Friday, March 16, 2018

This St. Patrick’s Day, Don’t Forget to Celebrate Irish Resistance

On last year’s St. Patrick’s Day, progressives of Irish ancestry organized the first “Irish Stand” rally at Riverside Church in New York City to protest the xenophobic and racist policies of the Trump administration. The rally represented an energizing shift in Irish American social consciousness back toward an original culture of resistance.

This year’s Irish Stand is on March 16. It’s a different sort of gathering than typically is held each year—the well-known raucous St. Patrick’s Day parades and festivities that include traditional music and dance with the aim of honoring the more than 70 million people worldwide who claim Irish heritage, over 33 million of whom are U.S. residents.

The history of the Irish diaspora is often given short shrift, even among Irish Americans. I’ve received more than a few odd glances when bringing up the Irish experience of British colonialism on St. Patrick’s Day.

The Irish endured centuries of British colonial rule, including land confiscation, the suppression and near eradication of their native language, second-class status imposed through the notorious Penal Laws, and forced migration. Irish historian Tim Pat Coogan contends that the Great Famine, which brought the largest wave of Irish immigrants to the United States, was more akin to genocide than a natural disaster. Between 1845 and 1855, an estimated 1 million Irish perished from starvation and disease, and more than a million others fled through emigration.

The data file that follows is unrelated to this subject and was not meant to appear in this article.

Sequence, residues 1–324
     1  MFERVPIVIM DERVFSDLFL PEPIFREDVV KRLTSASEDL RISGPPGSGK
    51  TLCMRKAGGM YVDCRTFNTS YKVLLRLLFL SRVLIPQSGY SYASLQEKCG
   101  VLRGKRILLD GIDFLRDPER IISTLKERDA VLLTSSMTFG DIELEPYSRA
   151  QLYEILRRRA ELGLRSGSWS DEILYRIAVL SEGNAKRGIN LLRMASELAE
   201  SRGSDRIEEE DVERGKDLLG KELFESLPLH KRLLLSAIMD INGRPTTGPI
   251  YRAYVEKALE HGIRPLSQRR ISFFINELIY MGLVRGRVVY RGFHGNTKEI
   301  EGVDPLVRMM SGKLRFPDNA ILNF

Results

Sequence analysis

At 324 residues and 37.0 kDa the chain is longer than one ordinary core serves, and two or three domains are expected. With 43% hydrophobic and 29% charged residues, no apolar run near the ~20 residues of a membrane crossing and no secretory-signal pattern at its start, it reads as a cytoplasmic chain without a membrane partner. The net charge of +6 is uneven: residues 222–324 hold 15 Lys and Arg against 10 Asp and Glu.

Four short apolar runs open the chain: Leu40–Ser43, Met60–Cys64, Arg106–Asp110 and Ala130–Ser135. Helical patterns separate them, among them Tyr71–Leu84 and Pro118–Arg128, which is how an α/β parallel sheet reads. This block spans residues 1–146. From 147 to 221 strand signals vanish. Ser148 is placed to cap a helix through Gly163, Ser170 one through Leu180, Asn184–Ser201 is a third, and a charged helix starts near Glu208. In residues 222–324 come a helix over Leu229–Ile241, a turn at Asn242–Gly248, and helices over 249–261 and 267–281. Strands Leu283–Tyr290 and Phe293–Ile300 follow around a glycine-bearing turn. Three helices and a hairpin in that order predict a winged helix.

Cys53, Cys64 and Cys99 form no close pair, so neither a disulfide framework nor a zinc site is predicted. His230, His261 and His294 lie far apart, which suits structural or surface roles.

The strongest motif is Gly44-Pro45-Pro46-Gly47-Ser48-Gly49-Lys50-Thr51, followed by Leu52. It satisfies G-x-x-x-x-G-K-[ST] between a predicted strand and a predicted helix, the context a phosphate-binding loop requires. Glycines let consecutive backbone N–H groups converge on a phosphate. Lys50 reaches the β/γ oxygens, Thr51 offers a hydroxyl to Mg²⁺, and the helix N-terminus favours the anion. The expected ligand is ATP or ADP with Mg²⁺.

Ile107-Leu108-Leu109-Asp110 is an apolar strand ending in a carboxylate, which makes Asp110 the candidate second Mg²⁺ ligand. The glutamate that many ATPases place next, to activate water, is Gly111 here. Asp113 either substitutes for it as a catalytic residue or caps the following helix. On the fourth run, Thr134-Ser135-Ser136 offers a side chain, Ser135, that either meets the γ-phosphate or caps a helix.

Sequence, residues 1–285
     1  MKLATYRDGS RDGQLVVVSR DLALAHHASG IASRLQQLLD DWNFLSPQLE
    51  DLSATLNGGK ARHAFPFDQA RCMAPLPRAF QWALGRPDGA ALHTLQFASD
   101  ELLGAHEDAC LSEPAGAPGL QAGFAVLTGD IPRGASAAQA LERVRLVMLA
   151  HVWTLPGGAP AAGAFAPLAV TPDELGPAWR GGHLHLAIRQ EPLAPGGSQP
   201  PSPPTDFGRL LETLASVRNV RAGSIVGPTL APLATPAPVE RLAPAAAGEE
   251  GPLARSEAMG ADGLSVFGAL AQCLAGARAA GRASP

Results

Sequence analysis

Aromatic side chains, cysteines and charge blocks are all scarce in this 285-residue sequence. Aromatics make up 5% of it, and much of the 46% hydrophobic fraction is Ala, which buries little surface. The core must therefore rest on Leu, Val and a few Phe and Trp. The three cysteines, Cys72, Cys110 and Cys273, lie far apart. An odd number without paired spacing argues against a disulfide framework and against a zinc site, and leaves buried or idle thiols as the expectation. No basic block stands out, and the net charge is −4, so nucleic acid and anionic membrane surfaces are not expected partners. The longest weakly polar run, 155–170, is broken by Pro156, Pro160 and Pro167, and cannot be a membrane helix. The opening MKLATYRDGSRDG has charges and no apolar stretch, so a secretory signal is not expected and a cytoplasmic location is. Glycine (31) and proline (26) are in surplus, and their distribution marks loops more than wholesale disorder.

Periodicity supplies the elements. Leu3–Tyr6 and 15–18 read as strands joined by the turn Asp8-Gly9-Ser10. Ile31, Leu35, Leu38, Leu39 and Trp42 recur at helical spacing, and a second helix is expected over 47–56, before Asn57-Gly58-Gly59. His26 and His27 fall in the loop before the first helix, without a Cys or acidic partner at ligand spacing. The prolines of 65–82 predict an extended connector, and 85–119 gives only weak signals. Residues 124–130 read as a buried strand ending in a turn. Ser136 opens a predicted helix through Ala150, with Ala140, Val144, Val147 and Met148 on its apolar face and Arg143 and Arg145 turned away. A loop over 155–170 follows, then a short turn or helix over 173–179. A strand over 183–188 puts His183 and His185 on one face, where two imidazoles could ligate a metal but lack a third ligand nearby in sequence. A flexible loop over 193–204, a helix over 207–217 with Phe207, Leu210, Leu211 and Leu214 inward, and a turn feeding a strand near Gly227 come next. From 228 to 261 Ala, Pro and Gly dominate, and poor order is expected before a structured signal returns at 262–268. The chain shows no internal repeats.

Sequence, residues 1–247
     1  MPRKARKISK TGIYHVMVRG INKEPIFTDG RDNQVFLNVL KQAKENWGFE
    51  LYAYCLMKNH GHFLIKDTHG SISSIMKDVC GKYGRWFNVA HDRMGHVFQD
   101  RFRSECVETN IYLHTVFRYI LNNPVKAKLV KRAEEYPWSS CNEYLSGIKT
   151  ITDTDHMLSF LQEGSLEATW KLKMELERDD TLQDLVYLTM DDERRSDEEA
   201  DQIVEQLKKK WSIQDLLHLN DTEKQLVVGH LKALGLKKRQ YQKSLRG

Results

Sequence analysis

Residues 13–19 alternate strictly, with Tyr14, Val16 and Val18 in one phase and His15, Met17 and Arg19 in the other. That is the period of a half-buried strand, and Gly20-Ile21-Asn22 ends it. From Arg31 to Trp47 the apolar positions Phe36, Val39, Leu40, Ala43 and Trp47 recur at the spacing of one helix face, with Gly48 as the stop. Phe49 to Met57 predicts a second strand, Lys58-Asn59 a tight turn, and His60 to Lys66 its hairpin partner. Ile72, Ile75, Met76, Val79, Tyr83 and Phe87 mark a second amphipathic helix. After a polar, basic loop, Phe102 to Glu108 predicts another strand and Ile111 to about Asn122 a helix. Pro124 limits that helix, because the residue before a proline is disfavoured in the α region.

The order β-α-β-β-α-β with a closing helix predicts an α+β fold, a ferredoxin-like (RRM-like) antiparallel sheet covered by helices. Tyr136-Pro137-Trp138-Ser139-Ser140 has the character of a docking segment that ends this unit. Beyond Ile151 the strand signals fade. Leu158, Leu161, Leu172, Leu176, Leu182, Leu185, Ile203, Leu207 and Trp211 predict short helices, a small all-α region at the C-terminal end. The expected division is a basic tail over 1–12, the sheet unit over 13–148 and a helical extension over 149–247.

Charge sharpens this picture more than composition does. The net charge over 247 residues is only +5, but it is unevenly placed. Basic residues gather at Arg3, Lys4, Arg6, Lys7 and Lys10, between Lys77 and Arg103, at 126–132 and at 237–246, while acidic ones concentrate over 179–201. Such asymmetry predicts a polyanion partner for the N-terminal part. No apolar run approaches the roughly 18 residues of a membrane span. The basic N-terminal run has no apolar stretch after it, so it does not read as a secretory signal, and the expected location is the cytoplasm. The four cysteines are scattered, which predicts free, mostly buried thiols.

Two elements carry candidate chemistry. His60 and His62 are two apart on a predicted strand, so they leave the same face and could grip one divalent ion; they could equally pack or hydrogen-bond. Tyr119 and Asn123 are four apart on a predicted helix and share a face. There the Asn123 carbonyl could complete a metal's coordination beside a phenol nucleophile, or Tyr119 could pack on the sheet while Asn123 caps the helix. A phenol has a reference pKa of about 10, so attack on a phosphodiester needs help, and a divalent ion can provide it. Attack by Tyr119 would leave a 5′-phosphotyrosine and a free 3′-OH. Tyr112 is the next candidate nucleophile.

In telling the story of Irish America, one must grapple with 19th-century Irish Americans having embraced a white racial identity, as historian Noel Ignatiev notably does in his seminal text, How the Irish Became White. Like other critical whiteness studies scholars, including David Roediger, Ignatiev builds off W.E.B. Du Bois’ assertion in Black Reconstruction that Irish Americans identified as white for the “public and psychological wage” it conferred them. In short, Irish Americans sought social advancement through America’s white supremacist racial caste system.  (more...)


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